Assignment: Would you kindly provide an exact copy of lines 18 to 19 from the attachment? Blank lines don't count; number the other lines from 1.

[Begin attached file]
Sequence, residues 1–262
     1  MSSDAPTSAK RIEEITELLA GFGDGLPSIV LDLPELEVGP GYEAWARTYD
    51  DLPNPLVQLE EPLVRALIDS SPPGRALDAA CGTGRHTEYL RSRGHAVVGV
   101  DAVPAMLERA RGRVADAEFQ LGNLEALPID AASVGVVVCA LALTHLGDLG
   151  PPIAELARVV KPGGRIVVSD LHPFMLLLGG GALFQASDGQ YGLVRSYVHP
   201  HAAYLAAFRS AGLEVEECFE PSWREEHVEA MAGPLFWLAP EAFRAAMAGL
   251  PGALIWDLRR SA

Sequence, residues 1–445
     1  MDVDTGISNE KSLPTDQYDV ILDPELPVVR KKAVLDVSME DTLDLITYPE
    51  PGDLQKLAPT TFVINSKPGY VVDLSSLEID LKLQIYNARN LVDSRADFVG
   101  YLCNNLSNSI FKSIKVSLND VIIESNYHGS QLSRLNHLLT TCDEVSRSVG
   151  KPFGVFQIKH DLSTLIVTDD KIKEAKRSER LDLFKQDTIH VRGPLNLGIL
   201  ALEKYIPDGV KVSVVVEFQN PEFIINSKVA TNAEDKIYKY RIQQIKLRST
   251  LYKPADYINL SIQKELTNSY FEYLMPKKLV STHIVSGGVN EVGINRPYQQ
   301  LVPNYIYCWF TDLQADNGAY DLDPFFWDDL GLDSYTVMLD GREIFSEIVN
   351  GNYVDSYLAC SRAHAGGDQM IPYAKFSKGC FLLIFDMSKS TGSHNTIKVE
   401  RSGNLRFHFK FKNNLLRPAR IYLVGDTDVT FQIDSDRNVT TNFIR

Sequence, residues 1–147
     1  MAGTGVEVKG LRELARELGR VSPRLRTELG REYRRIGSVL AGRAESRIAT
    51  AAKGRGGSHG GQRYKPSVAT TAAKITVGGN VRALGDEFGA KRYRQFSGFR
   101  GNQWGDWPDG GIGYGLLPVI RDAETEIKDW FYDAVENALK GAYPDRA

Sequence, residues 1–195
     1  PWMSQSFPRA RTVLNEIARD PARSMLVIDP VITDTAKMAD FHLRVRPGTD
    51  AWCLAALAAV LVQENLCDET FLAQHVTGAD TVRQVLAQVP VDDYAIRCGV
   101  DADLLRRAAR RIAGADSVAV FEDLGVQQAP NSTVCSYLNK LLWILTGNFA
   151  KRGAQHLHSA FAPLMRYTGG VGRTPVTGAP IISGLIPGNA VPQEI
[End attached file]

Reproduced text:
Sequence, residues 1–147
     1  MAGTGVEVKG LRELARELGR VSPRLRTELG REYRRIGSVL AGRAESRIAT